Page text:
RALEIGH, N.C. — Even before GOP presidential hopeful Mitt Romney picked U.S. Rep. Paul Ryan as his running mate, a certain selfish, dead and enduringly controversial novelist already was enjoying an unusual boom in university classes, thanks to tens of millions of dollars in grants from a Winston-Salem, N.C.-based bank.

Now Ayn Rand, heartless arch-villain to some, triumphant free-market oracle to others, is under an even larger national spotlight, thanks to her role as economic muse to Ryan. Dozens of stories, blog items and columns on the Rand-Ryan connection have popped up in the past few days, and Twitter has been awash in Rand tweets.

Her work is a unique stew of fiction, economics and her own brand of philosophy – Objectivism – that includes the belief that the driving moral force in life should be the pursuit of “rational self-interest.”

A outspoken atheist, supporter of abortion rights and adulteress, she can seem an unlikely hero for conservatives, at least those most concerned with social issues. Her views on unfettered free markets, limited government and personal responsibility, though – and the way she expressed them – have always been powerful stuff.

Rand, whose first name rhymes with “mine,” has long inspired a dedicated cadre of fans, including John Allison, the former CEO of BB&T. Like Ryan, Allison was known for handing out copies of her popular 1957 polemic novel, “Atlas Shrugged,” to his staff and others.

In recent years BB&T’s charitable foundation awarded grants to dozens of colleges and universities to support teaching about capitalism, in many cases the moral aspects of free-market economics. The requirements often include teaching “Atlas Shrugged.”

In 2008, a spokesman for the bank said it had made 37 grants worth a total of $38 million, according to the Winston-Salem Journal. A spokeswoman for BB&T declined to update the totals or name the institutions that have received grants.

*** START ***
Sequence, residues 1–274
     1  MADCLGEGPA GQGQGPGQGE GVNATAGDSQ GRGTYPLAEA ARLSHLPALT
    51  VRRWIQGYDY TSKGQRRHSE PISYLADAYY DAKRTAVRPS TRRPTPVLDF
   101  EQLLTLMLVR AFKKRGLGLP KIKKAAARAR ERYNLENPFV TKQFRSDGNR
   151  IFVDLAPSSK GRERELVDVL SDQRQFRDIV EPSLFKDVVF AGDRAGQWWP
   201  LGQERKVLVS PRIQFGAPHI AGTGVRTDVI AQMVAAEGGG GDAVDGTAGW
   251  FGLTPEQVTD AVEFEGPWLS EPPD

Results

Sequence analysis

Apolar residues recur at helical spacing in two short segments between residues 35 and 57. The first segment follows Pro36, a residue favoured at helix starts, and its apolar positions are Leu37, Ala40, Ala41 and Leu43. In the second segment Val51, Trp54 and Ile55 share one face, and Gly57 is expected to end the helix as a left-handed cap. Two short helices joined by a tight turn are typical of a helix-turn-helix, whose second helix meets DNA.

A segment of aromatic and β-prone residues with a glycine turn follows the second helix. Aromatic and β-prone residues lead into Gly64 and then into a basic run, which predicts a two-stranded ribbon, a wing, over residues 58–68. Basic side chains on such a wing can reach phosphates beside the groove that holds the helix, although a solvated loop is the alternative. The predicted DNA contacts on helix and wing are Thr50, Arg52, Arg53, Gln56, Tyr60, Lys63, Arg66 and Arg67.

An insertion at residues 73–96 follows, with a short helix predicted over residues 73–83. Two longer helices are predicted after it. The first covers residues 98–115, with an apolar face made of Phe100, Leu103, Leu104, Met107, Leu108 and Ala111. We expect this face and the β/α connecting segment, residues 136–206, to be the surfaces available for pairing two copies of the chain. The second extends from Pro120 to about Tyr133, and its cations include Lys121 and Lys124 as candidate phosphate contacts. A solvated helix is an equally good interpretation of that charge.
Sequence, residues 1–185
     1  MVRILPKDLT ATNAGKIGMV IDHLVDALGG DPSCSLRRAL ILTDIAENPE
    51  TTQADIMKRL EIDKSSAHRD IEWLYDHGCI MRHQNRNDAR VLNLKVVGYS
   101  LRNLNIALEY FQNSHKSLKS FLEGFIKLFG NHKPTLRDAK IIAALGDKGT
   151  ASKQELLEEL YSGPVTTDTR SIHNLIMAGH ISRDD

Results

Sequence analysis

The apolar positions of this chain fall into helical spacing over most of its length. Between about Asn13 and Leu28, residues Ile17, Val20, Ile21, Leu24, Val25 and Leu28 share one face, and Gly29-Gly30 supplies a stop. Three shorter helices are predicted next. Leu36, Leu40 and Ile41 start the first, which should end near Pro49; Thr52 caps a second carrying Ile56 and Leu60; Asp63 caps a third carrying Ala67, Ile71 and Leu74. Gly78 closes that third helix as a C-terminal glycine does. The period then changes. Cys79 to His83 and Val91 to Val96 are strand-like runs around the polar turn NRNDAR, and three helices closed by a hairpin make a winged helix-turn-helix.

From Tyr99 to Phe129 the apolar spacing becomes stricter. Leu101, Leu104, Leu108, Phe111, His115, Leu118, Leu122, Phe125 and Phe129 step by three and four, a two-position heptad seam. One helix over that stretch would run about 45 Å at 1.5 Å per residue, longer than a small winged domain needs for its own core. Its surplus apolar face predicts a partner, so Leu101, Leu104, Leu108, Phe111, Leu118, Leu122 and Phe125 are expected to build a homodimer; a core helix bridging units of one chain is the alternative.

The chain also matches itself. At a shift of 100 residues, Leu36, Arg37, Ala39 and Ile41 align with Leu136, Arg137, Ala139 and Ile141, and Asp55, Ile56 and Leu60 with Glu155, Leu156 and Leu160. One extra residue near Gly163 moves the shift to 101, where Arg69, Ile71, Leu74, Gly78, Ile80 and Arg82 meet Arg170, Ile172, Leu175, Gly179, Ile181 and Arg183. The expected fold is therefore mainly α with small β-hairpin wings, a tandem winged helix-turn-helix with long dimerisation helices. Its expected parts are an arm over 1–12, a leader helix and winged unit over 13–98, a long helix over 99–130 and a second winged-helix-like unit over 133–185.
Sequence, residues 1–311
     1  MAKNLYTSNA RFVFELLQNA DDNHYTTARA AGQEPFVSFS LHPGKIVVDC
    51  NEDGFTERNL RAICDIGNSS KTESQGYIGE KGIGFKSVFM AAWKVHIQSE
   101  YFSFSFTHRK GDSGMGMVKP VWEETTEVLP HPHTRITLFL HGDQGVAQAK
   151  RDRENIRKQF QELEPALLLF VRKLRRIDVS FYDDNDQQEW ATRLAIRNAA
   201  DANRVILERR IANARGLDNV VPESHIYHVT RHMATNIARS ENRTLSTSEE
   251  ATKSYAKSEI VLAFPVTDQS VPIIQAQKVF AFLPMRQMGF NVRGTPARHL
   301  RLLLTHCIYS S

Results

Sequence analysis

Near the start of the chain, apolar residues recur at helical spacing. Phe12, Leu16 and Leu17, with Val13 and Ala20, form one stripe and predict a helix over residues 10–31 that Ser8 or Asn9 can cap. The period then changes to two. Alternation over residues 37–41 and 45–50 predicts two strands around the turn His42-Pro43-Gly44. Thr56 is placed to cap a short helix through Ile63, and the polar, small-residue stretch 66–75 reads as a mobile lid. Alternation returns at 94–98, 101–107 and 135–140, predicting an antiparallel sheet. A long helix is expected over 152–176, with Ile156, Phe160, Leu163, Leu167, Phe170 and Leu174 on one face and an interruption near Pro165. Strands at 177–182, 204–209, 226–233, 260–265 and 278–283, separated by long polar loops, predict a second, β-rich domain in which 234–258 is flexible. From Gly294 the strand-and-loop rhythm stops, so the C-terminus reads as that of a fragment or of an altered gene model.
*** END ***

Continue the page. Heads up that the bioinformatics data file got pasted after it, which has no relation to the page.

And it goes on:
According to published reports, interviews and news releases from the institutions, they include: Appalachian State University; Winston-Salem State University; UNC-Wilmington; Western Carolina University; UNC-Charlotte; Guilford College; Queens University of Charlotte; Johnson C. Smith University in Charlotte; Wake Forest University and N.C. State University.

At least one grant originated with conversations between Allison and a university administrator. In other cases, institutions simply applied. Typically the gifts range from $400,000 to $2 million.

The bank’s charitable wing also teamed with the Anthem Foundation, which promotes Rand’s work, to make grants to UNC-Chapel Hill’s philosophy department and Duke University’s Philosophy, Politics and Economics Program.

Allison retired in 2008 and recently was named to lead the libertarian Cato Institute, a think tank partly owned by conservative activists Charles and David Koch. BB&T spokeswoman Maria Lachapelle declined to say whether the bank foundation is still making the grants.

The terms vary, and universities don’t always disclose them. One agreement, at Florida State University, mandates teaching Rand and dictates how many students the course would accommodate. The Ayn Rand Institute must be consulted on speakers for a lecture series, and every undergraduate business student gets a free copy of “Atlas Shrugged.”

The grants spurred faculty uprisings at some schools. Critics protested that accepting such conditions with gifts opens universities – many of them cash-strapped after budget-cutting – to being bribed to teach material that fits a donor’s agenda, but which may be sub-standard or otherwise inappropriate.